Here’s the deal, Mary. All of these characters are real. I was Tex (um, not a witch, nor as brave). Olivia’s a combination of a girl I knew in high school and my daughter. The gym teacher? Based on a truly sadistic coach from my junior high days. The anarchist? A friend of my daughter’s as was Josh. Like Tex, my father was in a wheel chair. Bob Bellman, the most frightening bully? He terrified me so much in high school, I feared for my life on a daily basis. He also ran down a friend of mine in the parking lot with his car. Every character in the book is “real (except possibly for the detective).” Even Mickey, the mentor witch, is loosely based on my wife’s grandmother. [This must be why they feel so life-like in your book. You really understood the characters so we could connect with them as if they were people we interacted with on a daily basis.]

If I ever see the bully again, I’m going to call him a stereotype. Then run! LOL. [LOL! Sounds like a plan. Just make sure you're wearing your sneakers!]

I know you have a second book in the series out, and a third in the works. Do you have any further plans for Tex or will you be playing with something new?
The second book, Tex And The Gangs Of Suburbia, was released last month. The third and final Tex book, Tex And The God Squad, unleashes in December. After that, I have an adult paranormal thriller set for early next year. Then it’s back to high school with Elspeth, The Living Dead Girl (a spin-off character from Tex And The Gangs Of Suburbia). Then I’m thinking of putting the kids to bed for a while and trying my hand at more adult fiction. But I never say never. I’ve been kicking around a Tex in college idea. [Wow! That's a lot to look forward to!! Best of luck with all of them!]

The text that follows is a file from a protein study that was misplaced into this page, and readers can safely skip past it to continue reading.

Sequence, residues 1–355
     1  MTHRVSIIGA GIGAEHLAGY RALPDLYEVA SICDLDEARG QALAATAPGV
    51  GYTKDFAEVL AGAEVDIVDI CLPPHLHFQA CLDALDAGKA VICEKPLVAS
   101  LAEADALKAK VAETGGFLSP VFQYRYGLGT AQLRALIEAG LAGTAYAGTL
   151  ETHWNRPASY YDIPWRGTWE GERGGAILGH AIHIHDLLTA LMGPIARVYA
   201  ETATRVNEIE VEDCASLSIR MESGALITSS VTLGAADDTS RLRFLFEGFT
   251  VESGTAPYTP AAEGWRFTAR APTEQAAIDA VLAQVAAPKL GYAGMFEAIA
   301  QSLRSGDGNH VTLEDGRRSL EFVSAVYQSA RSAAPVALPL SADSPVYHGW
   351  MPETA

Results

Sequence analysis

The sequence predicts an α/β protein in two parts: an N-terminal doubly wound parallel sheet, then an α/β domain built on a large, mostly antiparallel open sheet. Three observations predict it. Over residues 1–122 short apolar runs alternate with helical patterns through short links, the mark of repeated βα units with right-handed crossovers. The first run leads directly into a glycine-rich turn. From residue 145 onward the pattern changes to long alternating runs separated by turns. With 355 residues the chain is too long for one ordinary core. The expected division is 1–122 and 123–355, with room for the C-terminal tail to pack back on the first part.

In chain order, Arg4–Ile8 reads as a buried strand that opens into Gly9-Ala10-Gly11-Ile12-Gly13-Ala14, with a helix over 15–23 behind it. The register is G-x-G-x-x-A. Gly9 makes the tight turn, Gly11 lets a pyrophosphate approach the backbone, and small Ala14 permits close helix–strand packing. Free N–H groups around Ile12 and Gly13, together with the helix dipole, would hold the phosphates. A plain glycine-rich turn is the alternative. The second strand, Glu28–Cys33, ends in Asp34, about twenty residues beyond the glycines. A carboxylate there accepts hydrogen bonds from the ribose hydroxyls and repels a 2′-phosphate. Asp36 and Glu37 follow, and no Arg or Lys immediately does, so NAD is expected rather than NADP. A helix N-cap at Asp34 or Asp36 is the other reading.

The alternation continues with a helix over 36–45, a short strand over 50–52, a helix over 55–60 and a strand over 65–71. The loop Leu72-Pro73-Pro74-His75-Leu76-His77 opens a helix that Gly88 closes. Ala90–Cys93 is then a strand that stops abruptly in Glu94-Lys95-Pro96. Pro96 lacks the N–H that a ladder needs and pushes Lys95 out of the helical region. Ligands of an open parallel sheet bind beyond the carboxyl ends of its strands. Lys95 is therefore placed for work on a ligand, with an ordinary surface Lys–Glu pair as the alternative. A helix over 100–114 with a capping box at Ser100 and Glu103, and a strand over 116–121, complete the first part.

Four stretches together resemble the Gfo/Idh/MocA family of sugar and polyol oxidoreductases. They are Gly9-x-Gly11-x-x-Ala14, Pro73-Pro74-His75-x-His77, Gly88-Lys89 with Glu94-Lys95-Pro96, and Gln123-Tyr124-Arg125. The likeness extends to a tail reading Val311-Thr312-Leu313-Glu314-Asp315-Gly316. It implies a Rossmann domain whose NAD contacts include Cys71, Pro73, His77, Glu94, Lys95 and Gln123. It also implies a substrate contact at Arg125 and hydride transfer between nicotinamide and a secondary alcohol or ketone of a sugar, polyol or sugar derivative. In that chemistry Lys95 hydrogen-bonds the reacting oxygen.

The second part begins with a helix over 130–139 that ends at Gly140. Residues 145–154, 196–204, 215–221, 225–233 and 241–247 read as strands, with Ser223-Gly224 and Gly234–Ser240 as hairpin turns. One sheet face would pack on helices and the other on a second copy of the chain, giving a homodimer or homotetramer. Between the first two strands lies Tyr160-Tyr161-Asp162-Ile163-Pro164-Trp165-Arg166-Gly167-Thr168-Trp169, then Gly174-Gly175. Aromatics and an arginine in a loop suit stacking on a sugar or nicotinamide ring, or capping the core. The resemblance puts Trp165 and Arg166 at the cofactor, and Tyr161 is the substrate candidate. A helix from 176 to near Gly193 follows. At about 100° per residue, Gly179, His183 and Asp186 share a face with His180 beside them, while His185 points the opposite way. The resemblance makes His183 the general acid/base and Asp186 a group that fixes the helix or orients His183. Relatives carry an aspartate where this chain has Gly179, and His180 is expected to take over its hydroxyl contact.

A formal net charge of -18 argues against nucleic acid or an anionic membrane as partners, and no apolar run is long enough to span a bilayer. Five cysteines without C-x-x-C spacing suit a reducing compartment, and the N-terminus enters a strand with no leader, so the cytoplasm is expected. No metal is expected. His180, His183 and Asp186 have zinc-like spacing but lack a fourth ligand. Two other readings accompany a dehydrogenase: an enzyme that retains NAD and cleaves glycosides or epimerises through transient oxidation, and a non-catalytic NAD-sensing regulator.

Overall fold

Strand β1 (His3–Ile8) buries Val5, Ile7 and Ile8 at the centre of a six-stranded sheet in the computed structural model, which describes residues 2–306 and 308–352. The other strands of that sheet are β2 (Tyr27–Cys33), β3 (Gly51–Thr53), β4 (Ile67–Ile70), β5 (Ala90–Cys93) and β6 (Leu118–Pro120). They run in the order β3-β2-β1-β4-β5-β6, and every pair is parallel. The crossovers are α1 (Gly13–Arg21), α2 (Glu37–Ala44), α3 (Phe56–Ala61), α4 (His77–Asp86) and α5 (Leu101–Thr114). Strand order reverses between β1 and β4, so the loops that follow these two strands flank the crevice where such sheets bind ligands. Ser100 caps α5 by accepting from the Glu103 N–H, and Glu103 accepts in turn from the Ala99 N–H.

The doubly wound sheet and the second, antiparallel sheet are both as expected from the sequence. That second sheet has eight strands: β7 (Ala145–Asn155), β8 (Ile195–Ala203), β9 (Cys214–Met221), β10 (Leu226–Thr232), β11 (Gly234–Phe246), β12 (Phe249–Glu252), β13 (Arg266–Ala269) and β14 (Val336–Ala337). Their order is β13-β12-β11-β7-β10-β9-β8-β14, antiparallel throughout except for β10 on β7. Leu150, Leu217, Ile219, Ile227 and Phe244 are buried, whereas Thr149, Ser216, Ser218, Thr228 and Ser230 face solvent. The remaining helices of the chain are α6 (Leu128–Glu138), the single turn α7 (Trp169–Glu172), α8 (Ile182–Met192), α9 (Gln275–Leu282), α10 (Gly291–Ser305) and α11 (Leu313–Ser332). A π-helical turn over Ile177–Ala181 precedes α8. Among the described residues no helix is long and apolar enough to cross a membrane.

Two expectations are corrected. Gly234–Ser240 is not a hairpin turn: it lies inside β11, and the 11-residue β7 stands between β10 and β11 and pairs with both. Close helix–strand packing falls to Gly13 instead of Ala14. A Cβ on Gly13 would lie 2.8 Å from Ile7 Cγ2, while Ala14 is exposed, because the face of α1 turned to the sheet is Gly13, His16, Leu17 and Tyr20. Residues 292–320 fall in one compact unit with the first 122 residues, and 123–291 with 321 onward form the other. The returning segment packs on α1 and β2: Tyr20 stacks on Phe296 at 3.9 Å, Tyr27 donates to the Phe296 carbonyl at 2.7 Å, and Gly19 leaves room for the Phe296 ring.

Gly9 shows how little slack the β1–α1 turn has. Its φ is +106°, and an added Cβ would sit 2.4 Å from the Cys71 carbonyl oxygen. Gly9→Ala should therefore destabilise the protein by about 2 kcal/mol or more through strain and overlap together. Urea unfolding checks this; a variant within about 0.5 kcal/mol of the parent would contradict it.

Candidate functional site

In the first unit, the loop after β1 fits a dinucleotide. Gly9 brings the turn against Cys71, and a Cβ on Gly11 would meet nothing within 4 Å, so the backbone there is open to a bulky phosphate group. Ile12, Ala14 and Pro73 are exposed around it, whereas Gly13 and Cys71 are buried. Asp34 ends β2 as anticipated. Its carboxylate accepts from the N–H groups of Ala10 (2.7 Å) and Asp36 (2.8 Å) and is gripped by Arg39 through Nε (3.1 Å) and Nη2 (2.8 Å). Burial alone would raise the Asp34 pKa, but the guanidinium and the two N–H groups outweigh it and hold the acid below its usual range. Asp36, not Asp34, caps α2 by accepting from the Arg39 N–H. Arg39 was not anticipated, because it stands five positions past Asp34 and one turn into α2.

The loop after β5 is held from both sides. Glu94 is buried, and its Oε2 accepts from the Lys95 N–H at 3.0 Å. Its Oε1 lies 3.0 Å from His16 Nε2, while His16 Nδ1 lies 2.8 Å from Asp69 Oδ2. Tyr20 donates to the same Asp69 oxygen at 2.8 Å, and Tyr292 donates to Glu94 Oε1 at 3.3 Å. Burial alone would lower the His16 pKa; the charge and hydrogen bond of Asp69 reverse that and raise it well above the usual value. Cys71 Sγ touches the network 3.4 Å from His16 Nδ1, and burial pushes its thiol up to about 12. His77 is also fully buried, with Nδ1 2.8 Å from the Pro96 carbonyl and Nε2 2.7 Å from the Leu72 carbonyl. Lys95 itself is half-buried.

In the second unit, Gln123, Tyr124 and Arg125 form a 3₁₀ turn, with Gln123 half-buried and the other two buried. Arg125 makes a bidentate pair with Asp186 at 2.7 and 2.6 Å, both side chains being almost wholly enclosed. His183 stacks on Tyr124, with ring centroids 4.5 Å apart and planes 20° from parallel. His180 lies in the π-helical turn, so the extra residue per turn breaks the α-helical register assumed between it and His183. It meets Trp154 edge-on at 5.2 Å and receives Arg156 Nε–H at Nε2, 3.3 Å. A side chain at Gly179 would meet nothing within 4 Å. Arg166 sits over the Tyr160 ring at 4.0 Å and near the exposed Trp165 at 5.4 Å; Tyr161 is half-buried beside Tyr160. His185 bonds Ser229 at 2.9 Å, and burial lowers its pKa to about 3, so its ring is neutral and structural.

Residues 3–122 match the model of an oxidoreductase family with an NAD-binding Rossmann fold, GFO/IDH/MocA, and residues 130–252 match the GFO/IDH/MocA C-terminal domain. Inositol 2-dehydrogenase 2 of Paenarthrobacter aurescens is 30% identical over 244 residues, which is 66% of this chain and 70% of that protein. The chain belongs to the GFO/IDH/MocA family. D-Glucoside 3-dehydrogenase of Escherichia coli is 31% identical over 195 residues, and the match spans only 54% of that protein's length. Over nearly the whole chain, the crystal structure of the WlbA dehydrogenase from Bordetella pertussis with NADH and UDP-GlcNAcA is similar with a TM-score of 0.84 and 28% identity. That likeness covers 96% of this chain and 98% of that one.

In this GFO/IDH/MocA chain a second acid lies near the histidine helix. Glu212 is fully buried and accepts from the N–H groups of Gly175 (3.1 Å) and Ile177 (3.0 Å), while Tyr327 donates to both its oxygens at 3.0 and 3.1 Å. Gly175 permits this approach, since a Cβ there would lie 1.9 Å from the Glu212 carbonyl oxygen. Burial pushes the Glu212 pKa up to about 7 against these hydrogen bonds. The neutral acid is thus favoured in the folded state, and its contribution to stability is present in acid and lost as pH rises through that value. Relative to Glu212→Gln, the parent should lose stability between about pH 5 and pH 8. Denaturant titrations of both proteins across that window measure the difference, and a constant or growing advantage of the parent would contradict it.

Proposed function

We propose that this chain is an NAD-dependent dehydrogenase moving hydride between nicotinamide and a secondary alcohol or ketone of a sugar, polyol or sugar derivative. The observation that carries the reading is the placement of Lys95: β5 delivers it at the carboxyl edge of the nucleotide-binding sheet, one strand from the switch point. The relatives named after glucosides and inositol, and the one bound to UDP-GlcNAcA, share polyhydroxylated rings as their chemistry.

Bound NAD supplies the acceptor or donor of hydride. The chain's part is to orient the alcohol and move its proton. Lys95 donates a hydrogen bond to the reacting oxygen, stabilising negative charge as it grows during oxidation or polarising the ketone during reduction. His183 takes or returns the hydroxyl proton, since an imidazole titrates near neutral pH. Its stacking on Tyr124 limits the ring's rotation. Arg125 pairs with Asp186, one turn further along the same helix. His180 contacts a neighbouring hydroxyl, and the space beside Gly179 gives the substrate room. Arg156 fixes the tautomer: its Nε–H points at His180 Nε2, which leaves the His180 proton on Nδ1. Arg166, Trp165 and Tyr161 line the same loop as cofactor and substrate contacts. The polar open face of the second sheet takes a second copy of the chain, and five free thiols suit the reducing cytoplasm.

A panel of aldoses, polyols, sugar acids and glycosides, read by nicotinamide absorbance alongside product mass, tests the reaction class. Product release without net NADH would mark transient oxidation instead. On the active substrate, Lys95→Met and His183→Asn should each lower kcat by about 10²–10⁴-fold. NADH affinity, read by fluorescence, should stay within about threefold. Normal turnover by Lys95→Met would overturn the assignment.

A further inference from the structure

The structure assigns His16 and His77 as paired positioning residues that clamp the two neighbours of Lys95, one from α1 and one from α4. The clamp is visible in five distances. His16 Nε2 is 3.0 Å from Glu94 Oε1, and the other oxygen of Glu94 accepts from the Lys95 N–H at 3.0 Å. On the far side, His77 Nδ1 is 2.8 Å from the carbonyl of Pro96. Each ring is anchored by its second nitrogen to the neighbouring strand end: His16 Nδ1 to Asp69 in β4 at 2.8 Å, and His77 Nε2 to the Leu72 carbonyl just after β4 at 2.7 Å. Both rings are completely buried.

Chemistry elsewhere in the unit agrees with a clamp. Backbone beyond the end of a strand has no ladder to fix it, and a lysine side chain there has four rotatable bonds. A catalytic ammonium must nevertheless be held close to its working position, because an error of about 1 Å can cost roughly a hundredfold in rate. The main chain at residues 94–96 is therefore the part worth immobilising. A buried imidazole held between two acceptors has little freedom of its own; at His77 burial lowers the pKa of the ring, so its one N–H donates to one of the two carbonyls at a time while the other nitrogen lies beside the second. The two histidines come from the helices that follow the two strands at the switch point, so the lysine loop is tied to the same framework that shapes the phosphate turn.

Is there anything else you'd like us to know?
Bigfoot’s real.

Thanks for hosting me, Mary! It’s been fun!

You're welcome, Stuart. And the blog is open for you to come back anytime!

Haven't read Tex, the Witch Boy yet? Or are you looking for Tex and the Gangs of Suburbia? You can find Stuarts books here:

MuseItUp Publishing                                                               MuseItUp Publishing
Amazon                                                                                      Amazon
Barnes and Noble                                                                    Barnes and Noble

Want to know more about Stuart and keep up with his future releases? You can find him at:


  1. Big Foot really is real. At least according to the students who decided to tell me that in lecture the other day :) Great interview!!

  2. Thanks Meradeth! Bigfoot is indeed real (well, maybe not, but it's always grand to keep hope alive). Someday I'd love to hear more about your students' lecture!

    And thanks, Mary, for the great interview!

  3. Sorry to dispute the most important aspect of your interview, Stuart, but Squatch is my Uncle Harry living off the grid. j.k.

    Great interview Mary! I hate to hear about bullying. The saddest thing is that most of the time kids learn it from adults. I'm reading Tex right now, Stuart. And so far love it. Really like Tex's voice. After this interview I'm especially anxious to learn how he addresses his issues.

  4. Thanks, Kai!

    Okay, now about your Uncle Harry...

  5. Great interview, Stuart. I also had a not-so-nice gym teacher. Maybe they're all failed athletes who take out their frustration on non-athletic kids. Good point about cliques and stereotypes in high school. Maybe the school environment forces kids into these roles.

  6. Thanks kindly, Jeff! Yep, it's kinda' been a long in formulation theory of mine that a LOT of sadistic gym teachers were bullied as children.